1 Charleston is a city full of beautiful homes with historical information posted for passers-by to read. This is the Casimir Patrick House built c. 1827 by a tanner, Casimir Cornelius Patrick and is noted for its woodwork of the Regency Period.
2 The residents of Charleston foster exceptional craftsmanship and encourage the preservation of landmark homes and buildings.
3 In 1989, Hurricane Hugo caused much structural damage and property owners had to locate master crafters in Europe to repair their historic homes. Concerned preservationists approached the idea of creating an institution to address the national lack of master craftsmen.
4 After many years, the curriculum was developed and in 2009, the college moved to its present location, the old Charleston jail. This debtor’s jail was built in 1802 and was active until the 1930’s.
5 As you walk through the facility, you see reminders of what the building was built and used for. This is an original holding cell.
6 Many of the original, solid doors were preserved throughout. This school is dedicated to educating the next generation of building artisans and to preserving the building arts.
7 The students are trained in one of six areas - architectural stonework, carpentry, forged architectural ironwork, preservation masonry, plaster working, and timber framing. The first class graduated in 2009.
8 We were greeted at the entrance of the college by Kerri Forrest - Director of Institutional Advancement - who kindly gave us a tour of the college.
9 In this hallway, you encounter examples of forged architectural ironwork.
10 These two staircases were built by skilled artisans at the college. Walking through the facility is like walking through a living laboratory.
11 Student Hugh Holburn and Professor Richard Guthrie used these tools to demonstrate blacksmithing techniques at the 2012 Masters of the Building Arts Festival, a fascinating open house at the school.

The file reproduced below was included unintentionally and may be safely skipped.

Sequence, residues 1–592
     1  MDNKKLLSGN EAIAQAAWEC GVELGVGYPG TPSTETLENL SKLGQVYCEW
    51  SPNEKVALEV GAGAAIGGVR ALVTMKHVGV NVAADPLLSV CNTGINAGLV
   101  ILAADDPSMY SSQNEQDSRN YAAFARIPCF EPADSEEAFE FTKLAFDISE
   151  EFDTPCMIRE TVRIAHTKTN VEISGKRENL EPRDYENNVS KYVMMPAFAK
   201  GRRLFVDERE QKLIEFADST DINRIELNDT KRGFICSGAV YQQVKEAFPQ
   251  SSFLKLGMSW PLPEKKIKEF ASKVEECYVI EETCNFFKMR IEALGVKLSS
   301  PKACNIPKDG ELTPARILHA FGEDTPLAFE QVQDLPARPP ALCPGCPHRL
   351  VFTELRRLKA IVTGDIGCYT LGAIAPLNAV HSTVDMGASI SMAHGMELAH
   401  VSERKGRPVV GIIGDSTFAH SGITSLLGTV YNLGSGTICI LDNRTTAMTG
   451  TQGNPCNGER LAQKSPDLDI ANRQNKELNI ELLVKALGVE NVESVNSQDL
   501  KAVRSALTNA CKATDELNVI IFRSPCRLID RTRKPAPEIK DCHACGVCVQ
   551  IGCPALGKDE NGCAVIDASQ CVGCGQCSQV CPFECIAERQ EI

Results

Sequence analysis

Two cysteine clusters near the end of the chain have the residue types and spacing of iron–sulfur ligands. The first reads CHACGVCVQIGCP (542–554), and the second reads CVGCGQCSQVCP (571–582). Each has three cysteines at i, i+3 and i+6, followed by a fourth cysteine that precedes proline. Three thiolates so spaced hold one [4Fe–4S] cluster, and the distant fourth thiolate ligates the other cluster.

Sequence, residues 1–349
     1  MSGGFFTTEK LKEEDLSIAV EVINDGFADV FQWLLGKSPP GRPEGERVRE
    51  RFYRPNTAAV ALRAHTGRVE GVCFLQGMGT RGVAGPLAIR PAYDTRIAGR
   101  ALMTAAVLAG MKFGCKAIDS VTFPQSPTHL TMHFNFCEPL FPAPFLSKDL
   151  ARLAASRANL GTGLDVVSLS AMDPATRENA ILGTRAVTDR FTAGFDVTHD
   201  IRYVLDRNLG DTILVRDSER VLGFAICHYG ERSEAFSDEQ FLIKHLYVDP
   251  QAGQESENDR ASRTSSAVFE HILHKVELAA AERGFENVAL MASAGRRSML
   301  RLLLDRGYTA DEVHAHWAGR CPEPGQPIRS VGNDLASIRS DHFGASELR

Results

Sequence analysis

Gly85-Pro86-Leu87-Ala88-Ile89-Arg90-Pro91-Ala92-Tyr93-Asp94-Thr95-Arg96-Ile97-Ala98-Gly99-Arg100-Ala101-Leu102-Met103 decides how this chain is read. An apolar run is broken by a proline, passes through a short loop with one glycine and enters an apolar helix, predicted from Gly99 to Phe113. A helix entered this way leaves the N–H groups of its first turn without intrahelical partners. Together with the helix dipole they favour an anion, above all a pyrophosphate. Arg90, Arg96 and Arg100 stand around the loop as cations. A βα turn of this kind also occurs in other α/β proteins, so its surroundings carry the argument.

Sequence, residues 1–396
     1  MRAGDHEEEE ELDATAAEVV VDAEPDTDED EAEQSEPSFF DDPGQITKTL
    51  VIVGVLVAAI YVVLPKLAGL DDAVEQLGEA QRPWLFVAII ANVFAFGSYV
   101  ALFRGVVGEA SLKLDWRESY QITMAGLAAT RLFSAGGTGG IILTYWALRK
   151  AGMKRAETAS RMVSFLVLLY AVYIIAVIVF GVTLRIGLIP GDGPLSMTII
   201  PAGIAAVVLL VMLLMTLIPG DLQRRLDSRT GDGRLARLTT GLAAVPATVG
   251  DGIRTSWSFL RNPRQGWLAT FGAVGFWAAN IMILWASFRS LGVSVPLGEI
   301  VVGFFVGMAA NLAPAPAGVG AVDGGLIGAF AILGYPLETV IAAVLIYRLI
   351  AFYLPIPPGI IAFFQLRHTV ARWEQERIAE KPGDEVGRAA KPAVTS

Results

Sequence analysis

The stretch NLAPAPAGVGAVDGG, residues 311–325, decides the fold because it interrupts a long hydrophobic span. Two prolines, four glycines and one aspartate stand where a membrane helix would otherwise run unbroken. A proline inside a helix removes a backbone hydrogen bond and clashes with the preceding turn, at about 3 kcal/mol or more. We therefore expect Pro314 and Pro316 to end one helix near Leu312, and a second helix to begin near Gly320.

12 This is the plastering room. Plastering is the trade that has changed the least over the years. The skills required for this trade are time-tested.
13 Plasterers help create a finished look for any room. Students Ben Smiley and Emily Gillett mixed plaster before pouring it into a mold for a fireplace surround.
14 Here are some of the plaster designs the students are taught - ceiling borders and medallions. A skilled plaster worker can transform a space from ordinary to extraordinary.
15 Part of the satisfaction in attending ACBA is the ability to directly impact your college’s campus by working on the building. Here is an example of new plaster being applied to the old jail walls.
16 On display in a newly completed hallway are all the materials used for the project.
17 Student James Hess working on a project for his drawing and drafting course. Each student is required to take three semesters. ACBA finds it important to unite one's ideas with the ability to express it with one's hands. Constructively, the idea is a clearer project to the end customer.
18 The college had just renovated and moved the college library.
19 The college had received a generous donation of 4,000 books and a set of Antiques magazines from the 1930’s.
20 Walking through the facility, it was interesting to see that many old doors from the jail had been preserved.
21 There were many student projects on display, like this stained glass design.
22 The Forged Architectural Ironwork Program trains students to work with various types of metal. Here is a metal design project.
23 This college is a great addition to Charleston and to the preservation of American treasures. It was interesting to see a historical landmark of Charleston used to support the preservation of skilled artisans in the building arts.